48 Avoid Ritalin and other drugs for hyperactivity

They can increase cardiovascular risk and trigger new psychiatric symptoms plus sudden death. If your kids are hyperactive, suspect sugar or processed foods. Artificial colours like tartrazine used in juice drinks or ‘squashes’ and salicylate foods can all cause hyperactivity and attention deficit.

Ritalin was never as widely used in the UK as in the US (where drugs are marketed direct to patients). NICE maintains a useful database of evidence. And this is what an evidence-based discussion might look like. Do you see how it includes both risks and benefits, unlike WDDTY?

In the UK, Ritalin is used only for serious cases, not for self-diagnosed or questionable diagnoses. As usual, it’s safe to say that your doctor is probably better informed on the risk / benefit balance for your child than some shrill anti-medicine harridan.

49 Avoid toothpastes with fluoride, and filter your water if it’s fluoridated

High levels of fluoride in drinking water can dramatically lower IQ in children, say Harvard scientists—enough to cause learning difficulties in children who already have lowish IQ.26

Reference 26: Environ Health Perspect, 2012; 120: 1362–8  Developmental fluoride neurotoxicity: a systematic review and meta-analysis. Choi AL, Sun G, Zhang Y, Grandjean P.

And by high levels, they mean levels dramatically above the safe limits in drinking water. No water company adds these levels of fluoride.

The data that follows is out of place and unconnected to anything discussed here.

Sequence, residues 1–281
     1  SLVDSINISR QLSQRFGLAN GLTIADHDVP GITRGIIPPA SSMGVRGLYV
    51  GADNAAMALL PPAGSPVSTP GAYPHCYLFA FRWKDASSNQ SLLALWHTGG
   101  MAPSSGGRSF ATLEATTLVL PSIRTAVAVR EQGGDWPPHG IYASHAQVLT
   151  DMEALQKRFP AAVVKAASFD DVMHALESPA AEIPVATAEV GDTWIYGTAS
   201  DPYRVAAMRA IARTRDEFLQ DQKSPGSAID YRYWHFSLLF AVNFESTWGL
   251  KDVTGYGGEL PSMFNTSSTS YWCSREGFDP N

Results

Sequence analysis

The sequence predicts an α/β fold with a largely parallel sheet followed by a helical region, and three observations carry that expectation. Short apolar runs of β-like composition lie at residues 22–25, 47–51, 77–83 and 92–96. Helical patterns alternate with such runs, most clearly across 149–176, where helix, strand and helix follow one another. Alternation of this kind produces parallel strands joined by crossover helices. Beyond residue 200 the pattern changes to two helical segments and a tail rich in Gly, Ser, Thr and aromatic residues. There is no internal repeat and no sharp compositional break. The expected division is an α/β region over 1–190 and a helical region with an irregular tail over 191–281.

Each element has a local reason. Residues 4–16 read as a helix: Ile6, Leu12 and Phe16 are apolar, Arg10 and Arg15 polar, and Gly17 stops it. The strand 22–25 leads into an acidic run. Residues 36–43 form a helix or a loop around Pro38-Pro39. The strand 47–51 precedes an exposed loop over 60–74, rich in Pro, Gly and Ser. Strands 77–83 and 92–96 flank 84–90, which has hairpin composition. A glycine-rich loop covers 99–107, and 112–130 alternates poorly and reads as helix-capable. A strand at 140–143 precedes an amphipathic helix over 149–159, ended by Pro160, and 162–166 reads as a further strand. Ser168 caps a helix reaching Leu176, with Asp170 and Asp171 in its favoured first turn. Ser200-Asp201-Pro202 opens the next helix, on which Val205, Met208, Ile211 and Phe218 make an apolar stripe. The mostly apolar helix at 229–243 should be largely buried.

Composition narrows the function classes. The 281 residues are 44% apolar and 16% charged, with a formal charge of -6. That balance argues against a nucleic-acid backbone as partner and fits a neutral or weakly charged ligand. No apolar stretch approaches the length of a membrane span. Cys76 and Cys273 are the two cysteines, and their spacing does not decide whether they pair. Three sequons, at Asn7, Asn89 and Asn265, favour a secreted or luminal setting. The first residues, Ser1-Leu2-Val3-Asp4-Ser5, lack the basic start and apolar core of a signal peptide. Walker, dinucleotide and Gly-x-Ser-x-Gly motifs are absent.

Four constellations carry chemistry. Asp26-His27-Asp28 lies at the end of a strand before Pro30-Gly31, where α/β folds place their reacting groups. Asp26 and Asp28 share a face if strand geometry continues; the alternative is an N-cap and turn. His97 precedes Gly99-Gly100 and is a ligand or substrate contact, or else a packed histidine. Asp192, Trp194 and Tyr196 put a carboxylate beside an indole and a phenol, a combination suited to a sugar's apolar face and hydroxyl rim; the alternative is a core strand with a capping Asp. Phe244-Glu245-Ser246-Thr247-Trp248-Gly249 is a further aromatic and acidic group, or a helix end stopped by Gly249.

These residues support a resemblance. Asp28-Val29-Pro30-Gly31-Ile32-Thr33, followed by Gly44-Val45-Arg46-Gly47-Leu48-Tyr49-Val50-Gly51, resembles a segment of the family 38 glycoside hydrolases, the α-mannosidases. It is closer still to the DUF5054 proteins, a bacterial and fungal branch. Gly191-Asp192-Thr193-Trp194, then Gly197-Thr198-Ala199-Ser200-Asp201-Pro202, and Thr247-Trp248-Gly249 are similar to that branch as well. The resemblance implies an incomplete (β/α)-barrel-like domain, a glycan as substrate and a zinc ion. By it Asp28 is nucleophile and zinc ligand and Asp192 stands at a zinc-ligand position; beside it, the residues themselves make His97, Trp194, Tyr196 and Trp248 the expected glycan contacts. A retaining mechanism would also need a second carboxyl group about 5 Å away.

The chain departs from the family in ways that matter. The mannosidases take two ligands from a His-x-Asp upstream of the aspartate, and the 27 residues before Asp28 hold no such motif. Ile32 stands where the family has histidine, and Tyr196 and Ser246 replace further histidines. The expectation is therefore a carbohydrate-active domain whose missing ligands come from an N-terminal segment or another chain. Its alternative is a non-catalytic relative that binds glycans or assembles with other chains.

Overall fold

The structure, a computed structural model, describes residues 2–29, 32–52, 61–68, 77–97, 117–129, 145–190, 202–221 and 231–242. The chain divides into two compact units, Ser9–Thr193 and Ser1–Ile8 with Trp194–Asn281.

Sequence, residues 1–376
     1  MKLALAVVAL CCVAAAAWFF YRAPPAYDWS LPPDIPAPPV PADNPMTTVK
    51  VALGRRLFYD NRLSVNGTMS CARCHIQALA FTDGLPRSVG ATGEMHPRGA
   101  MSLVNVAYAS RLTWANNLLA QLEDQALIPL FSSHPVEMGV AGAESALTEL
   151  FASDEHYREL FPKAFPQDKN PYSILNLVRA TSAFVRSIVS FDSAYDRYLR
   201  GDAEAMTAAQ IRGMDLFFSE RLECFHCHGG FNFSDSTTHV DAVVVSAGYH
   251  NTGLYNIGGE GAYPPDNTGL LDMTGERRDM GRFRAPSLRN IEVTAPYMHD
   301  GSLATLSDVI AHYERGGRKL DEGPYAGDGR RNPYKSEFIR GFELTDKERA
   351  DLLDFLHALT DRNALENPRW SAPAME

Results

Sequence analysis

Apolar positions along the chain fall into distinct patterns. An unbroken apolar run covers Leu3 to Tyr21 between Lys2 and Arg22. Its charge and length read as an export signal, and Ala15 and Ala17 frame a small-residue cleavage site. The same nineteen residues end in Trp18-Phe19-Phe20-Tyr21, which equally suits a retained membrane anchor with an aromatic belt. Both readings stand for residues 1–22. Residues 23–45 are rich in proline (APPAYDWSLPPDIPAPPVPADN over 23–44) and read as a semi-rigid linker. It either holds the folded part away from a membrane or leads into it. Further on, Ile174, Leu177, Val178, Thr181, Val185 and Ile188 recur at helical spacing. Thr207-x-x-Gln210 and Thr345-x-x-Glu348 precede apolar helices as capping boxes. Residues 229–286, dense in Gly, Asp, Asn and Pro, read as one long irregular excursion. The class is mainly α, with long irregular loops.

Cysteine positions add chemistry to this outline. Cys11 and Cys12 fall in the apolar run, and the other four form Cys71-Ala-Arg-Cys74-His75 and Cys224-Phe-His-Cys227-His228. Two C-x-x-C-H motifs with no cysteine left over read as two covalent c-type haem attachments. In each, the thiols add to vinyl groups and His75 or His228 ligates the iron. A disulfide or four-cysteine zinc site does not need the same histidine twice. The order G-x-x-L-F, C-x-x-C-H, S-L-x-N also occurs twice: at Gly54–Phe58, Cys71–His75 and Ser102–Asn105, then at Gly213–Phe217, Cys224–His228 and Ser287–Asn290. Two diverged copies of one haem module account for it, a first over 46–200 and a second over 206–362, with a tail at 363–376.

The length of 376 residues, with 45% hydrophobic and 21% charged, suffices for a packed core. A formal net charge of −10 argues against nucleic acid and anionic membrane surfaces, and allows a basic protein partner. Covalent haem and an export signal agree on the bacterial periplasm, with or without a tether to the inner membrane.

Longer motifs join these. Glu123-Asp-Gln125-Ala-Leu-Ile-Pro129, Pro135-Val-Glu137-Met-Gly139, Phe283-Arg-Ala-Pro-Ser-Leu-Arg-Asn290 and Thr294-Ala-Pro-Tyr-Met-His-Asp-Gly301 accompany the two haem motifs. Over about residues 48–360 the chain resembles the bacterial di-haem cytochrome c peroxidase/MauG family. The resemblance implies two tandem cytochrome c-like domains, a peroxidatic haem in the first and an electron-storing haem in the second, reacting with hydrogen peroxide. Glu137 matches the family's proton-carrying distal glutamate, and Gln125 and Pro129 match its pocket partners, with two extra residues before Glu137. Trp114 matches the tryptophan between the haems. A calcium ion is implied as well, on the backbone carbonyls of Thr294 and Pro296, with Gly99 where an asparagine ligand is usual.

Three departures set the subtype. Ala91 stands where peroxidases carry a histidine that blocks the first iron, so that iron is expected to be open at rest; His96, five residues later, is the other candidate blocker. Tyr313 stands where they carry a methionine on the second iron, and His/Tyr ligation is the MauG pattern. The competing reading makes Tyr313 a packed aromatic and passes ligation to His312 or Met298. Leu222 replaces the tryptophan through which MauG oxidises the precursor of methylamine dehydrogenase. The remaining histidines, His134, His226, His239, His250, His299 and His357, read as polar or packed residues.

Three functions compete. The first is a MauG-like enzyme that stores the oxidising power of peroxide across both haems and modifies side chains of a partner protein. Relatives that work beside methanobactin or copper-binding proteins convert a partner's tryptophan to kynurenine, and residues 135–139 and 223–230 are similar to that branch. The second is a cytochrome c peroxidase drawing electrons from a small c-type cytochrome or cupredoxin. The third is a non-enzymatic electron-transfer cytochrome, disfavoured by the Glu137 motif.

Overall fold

It’s astonishing that as we approach the half-centenary of Dr. Strangelove, cranks are still repeating Major T. J. “King” Kong’s fulmination against fluoridation of water. The provable effect is a reduction in dental caries. And that’s it.

As always in medicine, anything given to healthy patients is subject to much more scrutiny than a drug given to the sick. Vaccines are another example. The evidence of safety has to be much more robust than for , say, a new antibiotic, because the risks of side-effects are offset only by potential benefits. Fluoridation of water (and toothpaste) has been studied intensely for a long time. There is no credible evidence of harm. Fluoridation is safe.

There is no credible reason at all to avoid fluoridated toothpaste. It might be wise not to snack on it, though.

50 Throw kids outdoors

Most infants and toddlers have low levels of vitamin D, some with levels below those needed to maintain and grow healthy bones.27 One school of thought maintains that by ‘protecting’ children against exposure to dirt and germs, we are inadvertently destroying their immune system’s ability to respond appropriately to infection and other stimuli. Diseases like eczema are far less prevalent in children who live in less sanitized conditions like farms and rural communities.28